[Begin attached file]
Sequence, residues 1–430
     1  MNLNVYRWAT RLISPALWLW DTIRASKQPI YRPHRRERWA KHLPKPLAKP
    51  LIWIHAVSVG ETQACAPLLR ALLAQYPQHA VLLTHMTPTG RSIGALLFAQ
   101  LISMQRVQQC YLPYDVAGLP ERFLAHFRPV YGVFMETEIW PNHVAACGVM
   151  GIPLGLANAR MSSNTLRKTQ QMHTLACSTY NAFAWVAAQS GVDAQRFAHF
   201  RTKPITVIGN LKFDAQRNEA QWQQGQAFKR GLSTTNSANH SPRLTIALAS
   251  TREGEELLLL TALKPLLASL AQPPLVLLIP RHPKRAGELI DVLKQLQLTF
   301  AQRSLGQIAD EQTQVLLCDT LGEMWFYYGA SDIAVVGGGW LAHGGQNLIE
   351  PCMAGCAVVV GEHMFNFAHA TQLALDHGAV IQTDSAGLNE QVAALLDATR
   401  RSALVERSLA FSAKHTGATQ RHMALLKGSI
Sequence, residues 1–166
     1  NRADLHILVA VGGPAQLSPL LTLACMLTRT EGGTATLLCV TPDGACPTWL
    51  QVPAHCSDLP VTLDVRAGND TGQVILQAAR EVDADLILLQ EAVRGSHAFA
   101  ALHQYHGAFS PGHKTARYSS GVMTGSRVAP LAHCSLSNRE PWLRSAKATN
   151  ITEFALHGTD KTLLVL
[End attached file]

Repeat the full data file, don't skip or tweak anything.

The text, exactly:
Sequence, residues 1–430
     1  MNLNVYRWAT RLISPALWLW DTIRASKQPI YRPHRRERWA KHLPKPLAKP
    51  LIWIHAVSVG ETQACAPLLR ALLAQYPQHA VLLTHMTPTG RSIGALLFAQ
   101  LISMQRVQQC YLPYDVAGLP ERFLAHFRPV YGVFMETEIW PNHVAACGVM
   151  GIPLGLANAR MSSNTLRKTQ QMHTLACSTY NAFAWVAAQS GVDAQRFAHF
   201  RTKPITVIGN LKFDAQRNEA QWQQGQAFKR GLSTTNSANH SPRLTIALAS
   251  TREGEELLLL TALKPLLASL AQPPLVLLIP RHPKRAGELI DVLKQLQLTF
   301  AQRSLGQIAD EQTQVLLCDT LGEMWFYYGA SDIAVVGGGW LAHGGQNLIE
   351  PCMAGCAVVV GEHMFNFAHA TQLALDHGAV IQTDSAGLNE QVAALLDATR
   401  RSALVERSLA FSAKHTGATQ RHMALLKGSI
Sequence, residues 1–166
     1  NRADLHILVA VGGPAQLSPL LTLACMLTRT EGGTATLLCV TPDGACPTWL
    51  QVPAHCSDLP VTLDVRAGND TGQVILQAAR EVDADLILLQ EAVRGSHAFA
   101  ALHQYHGAFS PGHKTARYSS GVMTGSRVAP LAHCSLSNRE PWLRSAKATN
   151  ITEFALHGTD KTLLVL